Banned Books Week – The Top 5

Books have been challenged since the early days of the 20th century. Even in 2009, many books continue to be challenged because people find the content offensive. In honor of Banned Books Week, here is a list of some classics that have been banned. These are the top five novels off of the “Top 100 Novels of the 20th Century” that have been banned and/or challenged throughout the last century. Some are still challenged and banned today.

  1.  The Great Gatsby by F. Scott FitzgeraldBook summary from Amazon.com: “Jay Gatsby is the man who has everything. But one thing will always be out of his reach. Everybody who is anybody is seen at his glittering parties. Day and night his Long Island mansion buzzes with bright young things drinking, dancing and debating his mysterious character. For Gatsby – young, handsome, fabulously rich – always seems alone in the crowd, watching and waiting, though no one knows what for. Beneath the shimmering surface of his life he is hiding a secret: a silent longing that can never be fulfilled. And soon this destructive obsession will force his world to unravel.”

    Reason for banning: A Baptist College in Charleston, S.C., banned it in 1987 because of language and sexual reference.

  2.  The Cathcher in the Rye by J.D. Salinger 

    Reason for banning: Attempts have been made to ban this coming of age story since1960. These attempts were made based on obscene language and situations, excessive vulgar language, and sexual scenes. This book is still challenged and sometimes banned today for these reasons.

    Book summary from tmtm.com/Google Books: “Superficially the story of a young man’s expulsion from yet another school, The Catcher in the Rye is in fact a perceptive study of one individual’s understanding of his human condition. Holden Caulfield, a teenager growing up in 1950s New York, has been expelled from school for poor achievement once again. In an attempt to deal with this he leaves school a few days prior to the end of term, and goes to New York to ‘take a vacation’ before returning to his parents’ inevitable wrath. Told as a monologue, the book describes Holden’s thoughts and activities over these few days, during which he describes a developing nervous breakdown, symptomised by his bouts of unexplained depression, impulsive spending and generally odd, erratic behaviour, prior to his eventual nervous collapse.”

  3.  The Grapes of Wrath by John Steinbeck 

    Reason for banning: This has been challenged since being published in 1939. It was banned for reasons such as vulgar language, using God and Jesus’ name in a profane manner, and inappropriate sexual references.

    Book summary from Amazon.com: “Shocking and controversial when it was first published in 1939, Steinbeck’s Pulitzer prize-winning epic remains his undisputed masterpiece. Set against the background of Dust Bowl Oklahoma and Californian migrant life, it tells of the Joad family who, like thousands of others, are forced to travel west in search of the Promised Land. Their story is one of false hopes, thwarted desires and broken dreams. Out of their suffering Steinbeck created a drama that is intensely human, yet majestic in its scale and moral vision; an eloquent tribute to the endurance and dignity of the human spirit.”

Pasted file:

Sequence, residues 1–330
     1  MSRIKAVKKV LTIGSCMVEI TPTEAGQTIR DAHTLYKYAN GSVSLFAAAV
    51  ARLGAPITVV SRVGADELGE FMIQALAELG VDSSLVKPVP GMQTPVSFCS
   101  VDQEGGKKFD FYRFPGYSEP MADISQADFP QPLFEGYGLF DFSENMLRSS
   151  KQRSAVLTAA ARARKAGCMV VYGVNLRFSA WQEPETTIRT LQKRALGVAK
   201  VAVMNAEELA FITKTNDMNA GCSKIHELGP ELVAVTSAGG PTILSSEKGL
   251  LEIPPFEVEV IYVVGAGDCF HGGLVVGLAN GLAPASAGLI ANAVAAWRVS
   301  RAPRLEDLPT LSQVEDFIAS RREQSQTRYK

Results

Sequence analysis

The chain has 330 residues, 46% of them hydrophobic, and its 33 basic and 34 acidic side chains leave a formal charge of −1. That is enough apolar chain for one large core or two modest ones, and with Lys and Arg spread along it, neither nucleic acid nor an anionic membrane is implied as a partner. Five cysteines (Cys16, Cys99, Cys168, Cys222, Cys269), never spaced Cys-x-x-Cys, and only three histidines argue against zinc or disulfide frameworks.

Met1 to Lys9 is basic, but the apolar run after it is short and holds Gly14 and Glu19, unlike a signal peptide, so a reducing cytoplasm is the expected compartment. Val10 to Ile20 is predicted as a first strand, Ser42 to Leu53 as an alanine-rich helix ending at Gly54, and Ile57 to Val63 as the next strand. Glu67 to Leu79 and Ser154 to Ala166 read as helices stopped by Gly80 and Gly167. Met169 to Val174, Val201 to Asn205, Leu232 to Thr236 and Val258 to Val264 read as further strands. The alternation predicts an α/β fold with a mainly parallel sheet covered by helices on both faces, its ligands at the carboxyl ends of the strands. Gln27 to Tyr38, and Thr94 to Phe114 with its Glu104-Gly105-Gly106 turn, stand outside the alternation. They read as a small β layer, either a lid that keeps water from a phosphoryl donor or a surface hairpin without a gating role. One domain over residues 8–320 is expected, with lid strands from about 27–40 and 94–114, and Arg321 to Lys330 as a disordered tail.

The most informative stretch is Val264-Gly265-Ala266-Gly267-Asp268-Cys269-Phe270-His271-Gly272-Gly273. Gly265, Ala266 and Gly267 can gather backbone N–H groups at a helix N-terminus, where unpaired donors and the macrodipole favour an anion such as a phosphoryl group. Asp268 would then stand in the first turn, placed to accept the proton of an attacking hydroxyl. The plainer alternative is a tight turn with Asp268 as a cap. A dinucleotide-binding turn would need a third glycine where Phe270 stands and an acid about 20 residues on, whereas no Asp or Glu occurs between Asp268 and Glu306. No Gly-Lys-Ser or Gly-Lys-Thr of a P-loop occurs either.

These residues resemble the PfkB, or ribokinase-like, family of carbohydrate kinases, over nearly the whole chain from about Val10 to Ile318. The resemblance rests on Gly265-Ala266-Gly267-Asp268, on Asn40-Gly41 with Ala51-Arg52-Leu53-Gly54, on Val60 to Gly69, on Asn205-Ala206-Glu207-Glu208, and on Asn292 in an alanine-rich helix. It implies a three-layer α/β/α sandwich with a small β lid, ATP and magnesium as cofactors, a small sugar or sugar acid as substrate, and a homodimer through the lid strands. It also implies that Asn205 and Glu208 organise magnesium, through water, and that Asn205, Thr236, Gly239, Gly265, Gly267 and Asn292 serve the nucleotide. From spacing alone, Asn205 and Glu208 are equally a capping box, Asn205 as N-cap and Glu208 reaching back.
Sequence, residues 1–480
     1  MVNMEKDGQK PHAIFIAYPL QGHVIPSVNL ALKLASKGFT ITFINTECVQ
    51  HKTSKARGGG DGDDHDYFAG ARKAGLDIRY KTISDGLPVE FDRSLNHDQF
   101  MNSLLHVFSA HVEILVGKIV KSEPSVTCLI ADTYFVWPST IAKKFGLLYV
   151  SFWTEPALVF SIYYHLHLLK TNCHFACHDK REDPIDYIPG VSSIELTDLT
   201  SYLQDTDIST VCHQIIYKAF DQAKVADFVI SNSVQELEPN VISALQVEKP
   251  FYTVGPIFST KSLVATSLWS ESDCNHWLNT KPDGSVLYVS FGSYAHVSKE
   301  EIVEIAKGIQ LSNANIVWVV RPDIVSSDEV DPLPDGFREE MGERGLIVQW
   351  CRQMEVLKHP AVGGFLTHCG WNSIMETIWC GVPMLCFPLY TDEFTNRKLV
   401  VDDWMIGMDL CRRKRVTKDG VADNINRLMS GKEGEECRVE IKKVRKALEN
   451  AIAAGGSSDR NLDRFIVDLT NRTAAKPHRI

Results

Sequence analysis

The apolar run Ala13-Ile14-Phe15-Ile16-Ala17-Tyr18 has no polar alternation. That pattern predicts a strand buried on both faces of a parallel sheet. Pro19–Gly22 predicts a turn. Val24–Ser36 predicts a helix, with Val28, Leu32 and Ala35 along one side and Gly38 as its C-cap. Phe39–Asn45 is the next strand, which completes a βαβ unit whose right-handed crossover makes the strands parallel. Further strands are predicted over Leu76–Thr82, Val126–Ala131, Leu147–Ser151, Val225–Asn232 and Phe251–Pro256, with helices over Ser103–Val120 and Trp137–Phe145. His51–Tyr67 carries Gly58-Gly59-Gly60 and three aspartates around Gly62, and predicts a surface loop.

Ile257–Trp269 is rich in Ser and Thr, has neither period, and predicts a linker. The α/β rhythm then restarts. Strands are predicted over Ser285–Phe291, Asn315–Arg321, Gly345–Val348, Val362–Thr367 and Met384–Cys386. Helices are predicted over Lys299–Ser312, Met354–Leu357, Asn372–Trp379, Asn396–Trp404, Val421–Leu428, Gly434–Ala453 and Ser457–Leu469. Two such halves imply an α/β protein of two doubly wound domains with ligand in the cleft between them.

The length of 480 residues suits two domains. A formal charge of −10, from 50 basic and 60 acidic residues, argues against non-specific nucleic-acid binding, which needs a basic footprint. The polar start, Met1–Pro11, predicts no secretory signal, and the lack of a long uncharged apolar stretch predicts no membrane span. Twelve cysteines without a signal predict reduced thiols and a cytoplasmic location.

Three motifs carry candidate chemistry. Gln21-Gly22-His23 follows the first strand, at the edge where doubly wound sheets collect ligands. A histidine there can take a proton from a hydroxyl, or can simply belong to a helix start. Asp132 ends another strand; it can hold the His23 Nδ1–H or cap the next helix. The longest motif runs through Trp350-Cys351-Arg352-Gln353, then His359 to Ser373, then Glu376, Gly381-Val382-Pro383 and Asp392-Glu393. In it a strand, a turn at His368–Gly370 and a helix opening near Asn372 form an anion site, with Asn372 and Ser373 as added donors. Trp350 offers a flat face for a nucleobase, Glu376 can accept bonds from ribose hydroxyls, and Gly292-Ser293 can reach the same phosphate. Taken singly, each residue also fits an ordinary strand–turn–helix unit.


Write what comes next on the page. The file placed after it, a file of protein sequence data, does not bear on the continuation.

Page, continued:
4.  To Kill a Mockingbird by Harper Lee 

    Reason for banning: This novel was first banned in Eden Valley, Minn, in 1977 for its use of “damn” and “whore lady.” Other places banned the books because they claimed it was trashy or represented institutionalized racism. It was also banned due to its profanity and racial slurs. It was recently banned in Cherry Hill, N.J. because people feared the race relations in the novel would upset children.

    Book summary from Amazon.com: “Set in the small Southern town of Maycomb, Alabama, during the Depression, To Kill a Mockingbird follows three years in the life of 8-year-old Scout Finch, her brother, Jem, and their father, Atticus–three years punctuated by the arrest and eventual trial of a young black man accused of raping a white woman. Though her story explores big themes, Harper Lee chooses to tell it through the eyes of a child. The result is a tough and tender novel of race, class, justice, and the pain of growing up.”

  5. The Color Purple by Alice Walker 

    Reason for banning: This book has been challenged and banned since 1984, and continues to be challenged and banned today. It has been banned based on its sexual explicitness and its portrayal of homosexuality and rape, as well as its ideas about race relations.

    Book summary from Google Books: “Celie is a poor black woman whose letters tell the story of 20 years of her life, beginning at age 14 when she is being abused and raped by her father and attempting to protect her sister from the same fate, and continuing over the course of her marriage to “Mister,” a brutal man who terrorizes her. Celie eventually learns that her abusive husband has been keeping her sister’s letters from her and the rage she feels, combined with an example of love and independence provided by her close friend Shug, pushes her finally toward an awakening of her creative and loving self.”

 For more information about Banned Books Week, go to www.ala.org and click on the “Issues and Advocacy” link on the left. Then click on “Banned and Challenged Books.” Also, check back next week for information about books that were banned in 2008-2009. Some of these are more modern books, while others are classics that continue to be challenged and banned.

*Information on Banned Book Week and the books taken from www.ala.org, unless otherwise cited.

-CS

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